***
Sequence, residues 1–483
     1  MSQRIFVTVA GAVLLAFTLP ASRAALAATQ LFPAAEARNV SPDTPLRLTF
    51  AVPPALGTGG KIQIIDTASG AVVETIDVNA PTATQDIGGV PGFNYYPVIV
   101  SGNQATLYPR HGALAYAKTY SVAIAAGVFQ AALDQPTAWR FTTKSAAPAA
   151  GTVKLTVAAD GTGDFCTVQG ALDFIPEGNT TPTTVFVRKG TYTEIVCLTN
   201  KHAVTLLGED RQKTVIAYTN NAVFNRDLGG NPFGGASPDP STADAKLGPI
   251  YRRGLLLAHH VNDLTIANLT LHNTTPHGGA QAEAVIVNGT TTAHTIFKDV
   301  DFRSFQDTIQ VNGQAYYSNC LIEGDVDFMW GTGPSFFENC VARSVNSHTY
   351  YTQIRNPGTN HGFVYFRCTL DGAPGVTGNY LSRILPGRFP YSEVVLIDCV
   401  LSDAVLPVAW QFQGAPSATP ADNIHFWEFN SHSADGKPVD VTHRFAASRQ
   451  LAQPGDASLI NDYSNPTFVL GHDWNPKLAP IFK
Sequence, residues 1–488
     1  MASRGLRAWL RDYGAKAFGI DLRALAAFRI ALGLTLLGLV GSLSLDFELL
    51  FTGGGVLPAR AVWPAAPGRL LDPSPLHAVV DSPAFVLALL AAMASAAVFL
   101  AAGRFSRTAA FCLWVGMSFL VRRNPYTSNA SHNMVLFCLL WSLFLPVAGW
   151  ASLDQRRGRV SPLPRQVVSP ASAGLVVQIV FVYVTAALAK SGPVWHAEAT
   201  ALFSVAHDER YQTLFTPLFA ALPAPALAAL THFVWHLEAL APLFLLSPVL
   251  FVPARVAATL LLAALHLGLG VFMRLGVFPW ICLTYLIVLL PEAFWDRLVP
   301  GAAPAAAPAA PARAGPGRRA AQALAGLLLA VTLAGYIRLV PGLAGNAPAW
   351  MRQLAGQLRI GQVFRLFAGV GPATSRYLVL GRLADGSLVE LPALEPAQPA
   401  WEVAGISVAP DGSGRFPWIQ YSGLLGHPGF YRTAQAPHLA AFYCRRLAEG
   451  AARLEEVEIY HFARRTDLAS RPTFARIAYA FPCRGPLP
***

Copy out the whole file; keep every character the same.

Sequence, residues 1–483
     1  MSQRIFVTVA GAVLLAFTLP ASRAALAATQ LFPAAEARNV SPDTPLRLTF
    51  AVPPALGTGG KIQIIDTASG AVVETIDVNA PTATQDIGGV PGFNYYPVIV
   101  SGNQATLYPR HGALAYAKTY SVAIAAGVFQ AALDQPTAWR FTTKSAAPAA
   151  GTVKLTVAAD GTGDFCTVQG ALDFIPEGNT TPTTVFVRKG TYTEIVCLTN
   201  KHAVTLLGED RQKTVIAYTN NAVFNRDLGG NPFGGASPDP STADAKLGPI
   251  YRRGLLLAHH VNDLTIANLT LHNTTPHGGA QAEAVIVNGT TTAHTIFKDV
   301  DFRSFQDTIQ VNGQAYYSNC LIEGDVDFMW GTGPSFFENC VARSVNSHTY
   351  YTQIRNPGTN HGFVYFRCTL DGAPGVTGNY LSRILPGRFP YSEVVLIDCV
   401  LSDAVLPVAW QFQGAPSATP ADNIHFWEFN SHSADGKPVD VTHRFAASRQ
   451  LAQPGDASLI NDYSNPTFVL GHDWNPKLAP IFK
Sequence, residues 1–488
     1  MASRGLRAWL RDYGAKAFGI DLRALAAFRI ALGLTLLGLV GSLSLDFELL
    51  FTGGGVLPAR AVWPAAPGRL LDPSPLHAVV DSPAFVLALL AAMASAAVFL
   101  AAGRFSRTAA FCLWVGMSFL VRRNPYTSNA SHNMVLFCLL WSLFLPVAGW
   151  ASLDQRRGRV SPLPRQVVSP ASAGLVVQIV FVYVTAALAK SGPVWHAEAT
   201  ALFSVAHDER YQTLFTPLFA ALPAPALAAL THFVWHLEAL APLFLLSPVL
   251  FVPARVAATL LLAALHLGLG VFMRLGVFPW ICLTYLIVLL PEAFWDRLVP
   301  GAAPAAAPAA PARAGPGRRA AQALAGLLLA VTLAGYIRLV PGLAGNAPAW
   351  MRQLAGQLRI GQVFRLFAGV GPATSRYLVL GRLADGSLVE LPALEPAQPA
   401  WEVAGISVAP DGSGRFPWIQ YSGLLGHPGF YRTAQAPHLA AFYCRRLAEG
   451  AARLEEVEIY HFARRTDLAS RPTFARIAYA FPCRGPLP